In short, camping tarp’s are large pieces of high tech waterproof cloth, that provide good protection from wind and rain after properly staked and pitched with hiking poles, cords or sticks.
Old fashioned, basic shelter that works
The camping tarp is the lightest, most versatile, and most condensation resistant type of shelter that is been used back in older days and still is very popular. Modern day backpackers usually choose tarp for it’s low weight, compatibility and closer to nature experience. Also outdoor enthusiasts love it’s versatility – there are many ways to use a tarp, depending on your situation, which makes all experience more interesting, because you need to know a knot or two and use your creativity setting it up. Once your tarp shelter is set, you can cook dinner under it or just make a fire in front of it to feel warm up after a long hike in the rain. A properly rigged tarp can reflect the warmth of a fire and create quite a cozy little sanctuary. Open front offers you this luxury, which you’ll probably won’t see on a tents. Of course you can build a fire near a tent, but expensive nylon tents can catch flying sparks easily, leading you to some expensive repairs, and they don’t concentrate that kind a heat of a fire anyway. Tarp gives you opportunity to experience outdoors more than a tent – you can see the rain and the sky, feel the smell of the air and hear all nature around you, while protected from elements, like rain and slight wind. Hoverer, you’re not protected against insects and bugs (using tarp in combination with bivy will solve this problem, but also add a little more bulk in your bag). And if wind suddenly is changing direction, you could end up with campfire smoke coming straight in your face. As everything, tarp has it’s advantages and disadvantages, and it will perform very well in a specific conditions, making it a choice number one for many backpackers on specific routes.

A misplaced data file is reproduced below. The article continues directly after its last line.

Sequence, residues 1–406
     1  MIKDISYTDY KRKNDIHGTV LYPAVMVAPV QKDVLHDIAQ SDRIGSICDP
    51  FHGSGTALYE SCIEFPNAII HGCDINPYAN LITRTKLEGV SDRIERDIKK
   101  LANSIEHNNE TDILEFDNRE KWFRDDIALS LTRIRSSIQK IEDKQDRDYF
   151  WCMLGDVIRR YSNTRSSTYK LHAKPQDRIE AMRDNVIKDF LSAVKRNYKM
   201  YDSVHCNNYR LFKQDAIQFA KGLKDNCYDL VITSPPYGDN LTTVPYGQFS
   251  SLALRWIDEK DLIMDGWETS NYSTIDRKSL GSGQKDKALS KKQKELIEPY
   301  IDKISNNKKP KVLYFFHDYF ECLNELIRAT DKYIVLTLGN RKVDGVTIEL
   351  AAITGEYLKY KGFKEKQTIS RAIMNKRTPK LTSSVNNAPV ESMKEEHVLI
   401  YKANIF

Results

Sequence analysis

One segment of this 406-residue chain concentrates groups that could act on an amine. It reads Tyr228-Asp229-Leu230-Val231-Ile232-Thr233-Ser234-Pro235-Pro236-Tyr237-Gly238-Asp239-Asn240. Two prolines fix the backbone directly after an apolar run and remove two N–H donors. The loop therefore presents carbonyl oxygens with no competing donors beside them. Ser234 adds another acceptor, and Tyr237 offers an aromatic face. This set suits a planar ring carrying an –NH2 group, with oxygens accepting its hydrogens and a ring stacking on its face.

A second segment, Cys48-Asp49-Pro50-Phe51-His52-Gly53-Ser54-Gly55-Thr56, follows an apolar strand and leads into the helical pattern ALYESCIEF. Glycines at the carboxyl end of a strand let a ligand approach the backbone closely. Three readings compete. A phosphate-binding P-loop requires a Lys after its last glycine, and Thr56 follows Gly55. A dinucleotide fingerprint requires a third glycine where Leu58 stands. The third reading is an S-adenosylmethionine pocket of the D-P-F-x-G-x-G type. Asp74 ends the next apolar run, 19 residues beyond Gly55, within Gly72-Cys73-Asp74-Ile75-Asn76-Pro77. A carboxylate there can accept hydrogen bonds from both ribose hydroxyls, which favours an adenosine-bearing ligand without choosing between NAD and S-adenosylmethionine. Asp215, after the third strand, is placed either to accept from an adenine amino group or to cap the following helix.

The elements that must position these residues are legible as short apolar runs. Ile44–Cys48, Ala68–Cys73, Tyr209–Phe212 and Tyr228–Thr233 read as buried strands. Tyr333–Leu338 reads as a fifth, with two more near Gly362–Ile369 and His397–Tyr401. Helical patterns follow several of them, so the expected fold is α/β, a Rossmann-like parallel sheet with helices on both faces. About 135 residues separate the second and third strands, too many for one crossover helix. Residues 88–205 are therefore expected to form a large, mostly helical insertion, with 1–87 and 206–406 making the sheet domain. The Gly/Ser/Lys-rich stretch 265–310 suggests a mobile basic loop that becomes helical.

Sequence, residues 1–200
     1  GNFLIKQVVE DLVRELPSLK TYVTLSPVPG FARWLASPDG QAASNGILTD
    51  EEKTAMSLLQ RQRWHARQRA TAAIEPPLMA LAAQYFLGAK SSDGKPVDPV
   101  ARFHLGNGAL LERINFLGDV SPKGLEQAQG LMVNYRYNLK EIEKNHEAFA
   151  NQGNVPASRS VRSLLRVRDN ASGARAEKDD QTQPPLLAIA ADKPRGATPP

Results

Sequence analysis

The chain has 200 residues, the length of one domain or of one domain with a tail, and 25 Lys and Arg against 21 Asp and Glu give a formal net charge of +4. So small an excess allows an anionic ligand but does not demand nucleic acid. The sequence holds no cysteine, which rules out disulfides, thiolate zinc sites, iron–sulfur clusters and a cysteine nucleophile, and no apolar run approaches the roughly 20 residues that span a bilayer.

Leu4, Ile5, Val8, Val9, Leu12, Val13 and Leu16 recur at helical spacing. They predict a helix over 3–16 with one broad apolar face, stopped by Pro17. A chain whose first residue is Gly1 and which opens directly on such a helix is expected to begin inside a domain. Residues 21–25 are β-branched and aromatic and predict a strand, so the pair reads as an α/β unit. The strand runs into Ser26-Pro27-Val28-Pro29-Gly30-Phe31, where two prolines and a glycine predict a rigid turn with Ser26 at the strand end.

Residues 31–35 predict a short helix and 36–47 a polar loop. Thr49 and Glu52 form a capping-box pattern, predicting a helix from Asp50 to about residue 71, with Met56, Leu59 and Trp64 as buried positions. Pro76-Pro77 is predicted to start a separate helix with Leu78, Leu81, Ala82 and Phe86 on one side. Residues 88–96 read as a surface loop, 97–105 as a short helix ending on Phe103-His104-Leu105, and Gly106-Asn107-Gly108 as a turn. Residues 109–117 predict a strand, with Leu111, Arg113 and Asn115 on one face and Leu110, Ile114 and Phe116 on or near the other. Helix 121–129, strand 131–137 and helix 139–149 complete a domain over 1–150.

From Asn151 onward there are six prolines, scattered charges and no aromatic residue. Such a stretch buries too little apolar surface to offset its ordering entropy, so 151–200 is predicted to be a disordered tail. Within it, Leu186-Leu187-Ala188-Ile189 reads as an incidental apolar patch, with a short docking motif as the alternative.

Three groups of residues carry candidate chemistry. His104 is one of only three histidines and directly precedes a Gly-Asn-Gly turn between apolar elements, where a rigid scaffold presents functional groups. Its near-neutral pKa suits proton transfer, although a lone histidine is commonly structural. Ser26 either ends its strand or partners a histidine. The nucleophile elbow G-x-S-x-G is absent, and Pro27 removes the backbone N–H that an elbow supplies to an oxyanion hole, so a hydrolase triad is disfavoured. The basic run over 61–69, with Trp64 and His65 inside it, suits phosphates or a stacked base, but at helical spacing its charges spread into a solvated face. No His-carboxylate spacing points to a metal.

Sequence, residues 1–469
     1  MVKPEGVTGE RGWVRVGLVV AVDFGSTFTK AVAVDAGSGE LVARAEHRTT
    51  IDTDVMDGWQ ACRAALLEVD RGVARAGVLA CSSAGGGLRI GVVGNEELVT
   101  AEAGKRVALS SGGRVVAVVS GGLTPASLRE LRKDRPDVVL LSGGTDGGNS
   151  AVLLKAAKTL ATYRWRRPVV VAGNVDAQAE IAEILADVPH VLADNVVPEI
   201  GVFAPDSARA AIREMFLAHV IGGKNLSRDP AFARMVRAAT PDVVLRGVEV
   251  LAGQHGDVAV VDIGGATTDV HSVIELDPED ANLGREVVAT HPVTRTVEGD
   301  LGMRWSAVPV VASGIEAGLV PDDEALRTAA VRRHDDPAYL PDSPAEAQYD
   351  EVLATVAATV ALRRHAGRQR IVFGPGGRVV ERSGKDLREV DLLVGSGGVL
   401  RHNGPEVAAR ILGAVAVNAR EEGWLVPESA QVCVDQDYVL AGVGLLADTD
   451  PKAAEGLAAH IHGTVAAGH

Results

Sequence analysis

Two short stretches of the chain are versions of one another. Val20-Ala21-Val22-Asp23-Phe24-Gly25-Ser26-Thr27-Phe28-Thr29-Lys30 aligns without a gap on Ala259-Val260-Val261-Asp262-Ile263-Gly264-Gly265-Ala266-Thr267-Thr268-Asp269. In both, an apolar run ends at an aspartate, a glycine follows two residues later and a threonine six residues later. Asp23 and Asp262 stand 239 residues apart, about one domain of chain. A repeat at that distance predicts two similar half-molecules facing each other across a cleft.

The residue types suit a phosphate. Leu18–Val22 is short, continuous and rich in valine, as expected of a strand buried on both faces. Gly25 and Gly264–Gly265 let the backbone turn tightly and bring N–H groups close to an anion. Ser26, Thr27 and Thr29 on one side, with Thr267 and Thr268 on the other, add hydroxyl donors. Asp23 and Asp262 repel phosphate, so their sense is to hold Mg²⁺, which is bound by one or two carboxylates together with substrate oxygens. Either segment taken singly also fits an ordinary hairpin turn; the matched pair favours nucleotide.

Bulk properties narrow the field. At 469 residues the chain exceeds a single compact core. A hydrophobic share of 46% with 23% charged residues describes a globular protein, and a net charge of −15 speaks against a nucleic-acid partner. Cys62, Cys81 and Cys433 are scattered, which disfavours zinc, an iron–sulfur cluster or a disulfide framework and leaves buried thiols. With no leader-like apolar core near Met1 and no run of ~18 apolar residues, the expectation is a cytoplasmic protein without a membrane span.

- Lightweight and roomy
- Closeness to nature
- Low cost
- You can cook under
- You can build a fire closer than to tent
- No bug protection
- Needs hiking poles if no trees are around
- Not good in stormy weather